Tuesday, March 23, 2010

More on Male Bashing and the Financial Crisis

It's not so much a question of allowing a financial crisis to go to waste, but of creating a narrative that will cast aspersions on those you want to blame. After all, that was the goal of yesterday's New York Magazine article on the supposedly biochemical causes of the financial crisis. My post here.

As I read it I imagined this article, with its mixture of scientific data and ideology, becoming conventional wisdom, to the detriment of men, women, and our culture at large.

It is hardly surprising that feminists and their acolytes have used the financial crisis to sustain their prejudices. As I wrote yesterday, the facts tell a very different story. They suggest that male bashing was the problem, not the solution.

Sheelah Kolhatkar argued in New York Magazine that the fault for the crisis lay in the twentysomething male traders who went off on a testosterone-fueled jag that nearly destroyed the financial system. Her solution: more female presence, thus an injection of temperance and a moderation of reckless risk-taking.

The point deserves a serious reality check, even more than I gave it yesterday. Thus, I continue the discussion.

I note that Kolhatkar gives short shrift to the Wall Street executives who gave these young traders the authority to leverage their trades at 30 or 40-1. No bank will allow a trader to take on that much leverage without adult supervision.

Dare we say that these fiftysomething executives were not suffering any excessive surges of testosterone? But if they bear the lion's share of responsibility, what is left of Kolhatkar's premise?

I would add that most of these executives, aside from being male, were also liberal Democrats. The people running Citigroup, Lehman Bros., and Goldman Sachs were all liberal Democrats. As were the other groups that bear much of the responsibility for making this risk-taking possible, even inevitable: executives at Fannie Mae and Freddie Mac.

Is it not relevant that the leadership of Fannie Mae and the Board of Directors at Citigroup were populated by alumni of the Clinton administration?

I would add, as several of the commenters on Dr. Helen's site mentioned, that Congressional Democrats stifled the Bush administration when it tried to reform Fannie Mae. Barney Frank and Maxine Waters were happy to defend Fannie's reckless lending practices. But once the crisis erupted they were out front blaming Republicans. (My thanks to Dr. Helen for linking my post!)

While the spinners and storytellers are blaming the financial crisis on the Bush administration, free market principles, and twentysomething male traders, much of the real responsibility lies elsewhere.

To continue our reality check. if it is true that too much testosterone makes for bad trading, why isn't there a black market in estrogen supplements on Wall Street? Wouldn't that be a quicker and easier solution to the problem?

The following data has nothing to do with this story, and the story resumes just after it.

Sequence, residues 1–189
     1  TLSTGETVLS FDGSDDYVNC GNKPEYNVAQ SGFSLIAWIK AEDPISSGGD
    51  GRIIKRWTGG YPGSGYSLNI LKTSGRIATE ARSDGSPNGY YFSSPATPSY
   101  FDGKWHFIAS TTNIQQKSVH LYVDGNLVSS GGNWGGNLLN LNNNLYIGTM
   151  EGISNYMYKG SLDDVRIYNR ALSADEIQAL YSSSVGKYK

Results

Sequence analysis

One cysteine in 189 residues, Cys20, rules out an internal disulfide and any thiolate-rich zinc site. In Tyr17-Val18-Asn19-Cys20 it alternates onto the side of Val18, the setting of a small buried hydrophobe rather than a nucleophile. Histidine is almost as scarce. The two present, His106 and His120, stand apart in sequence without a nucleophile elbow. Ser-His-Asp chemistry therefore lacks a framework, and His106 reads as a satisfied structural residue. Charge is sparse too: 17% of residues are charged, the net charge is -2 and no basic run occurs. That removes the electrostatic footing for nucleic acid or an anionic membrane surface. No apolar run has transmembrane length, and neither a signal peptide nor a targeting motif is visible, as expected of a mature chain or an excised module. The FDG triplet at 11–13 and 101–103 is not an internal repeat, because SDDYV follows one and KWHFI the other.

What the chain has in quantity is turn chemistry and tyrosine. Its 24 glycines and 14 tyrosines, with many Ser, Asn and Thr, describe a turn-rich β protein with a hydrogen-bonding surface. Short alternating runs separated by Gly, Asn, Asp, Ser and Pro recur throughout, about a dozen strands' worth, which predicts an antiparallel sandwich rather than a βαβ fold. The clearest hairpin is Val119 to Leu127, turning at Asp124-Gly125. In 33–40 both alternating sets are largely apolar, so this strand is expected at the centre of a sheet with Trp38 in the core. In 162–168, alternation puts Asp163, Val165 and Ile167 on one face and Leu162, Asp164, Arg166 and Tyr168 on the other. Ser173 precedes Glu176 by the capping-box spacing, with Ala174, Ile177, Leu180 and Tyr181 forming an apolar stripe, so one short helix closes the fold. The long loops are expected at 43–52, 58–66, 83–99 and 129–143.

The estimable Bess Levin, of Dealbreaker fame, suggested as much in her comments on the New York Magazine article yesterday. Link here.

Better yet, as I read down the comments after her article, I discovered the wise words of someone who identifies himself as Jimmy.

As reality checks go, this one merits serious attention. Simply put, Jimmy points out that virtually none of the best mutual funds or high performing hedge funds are run by women. Not exactly what Kolhatkar would have led you to believe. And he adds that one well-known woman trader, Karen Finerman, who is on CNBC's "Fast Money" show has underperformed the S&P for the last three years.

The final reality check comes to us, via Instapundit, from Randall Parker of the FuturePundit blog. Link here.

I found it serendipitous that Instapundit linked this post right after I posted mine. It has the great virtue of providing scientific evidence to buttress one of my suspicions.

Yesterday I was wondering whether the testosterone fueled frenzy of recent years differed materially from the 1980s era frenzy described so well by Michael Lewis in Liar's Poker?

There I suggested, off the top of my head, that the only real difference between then and now is that there are now more women in the financial world than there were in the 1980s.

I thought it a worthy observation, but it did not answer the question of what influence the presence of more attractive young women would have on these twentysomething traders.

As Parker reports, scientists have researched this question, and have discovered that men are prone to engage in more risky behavior when they are in the presence of attractive women. Not only that, but the presence of such women causes their testosterone levels to rise.

Remember that Kolhatkar's thesis was that bringing more women onto the trading floor would have a tempering effect on the male tendency for excessive risk-taking.

Now we have further evidence that this is untrue, but that an increase in the number of women will cause a testosterone surge and cause male traders to throw all temperance to the winds.

All we need to know now is how this applies to fiftysomething and sixtysomething male executives?

1 comment:

Memphis said...

When dealing with feminist journalists all the logic and reason in the world won't make a dent in their dogma. Their 'gender lenses' make them blind to all but that which they wish to see. Nevertheless, for the rest of us it's good to hear a well reasoned and intelligent discussion of what went wrong and how intelligent investors can try to steer clear of it as much as possible in the future.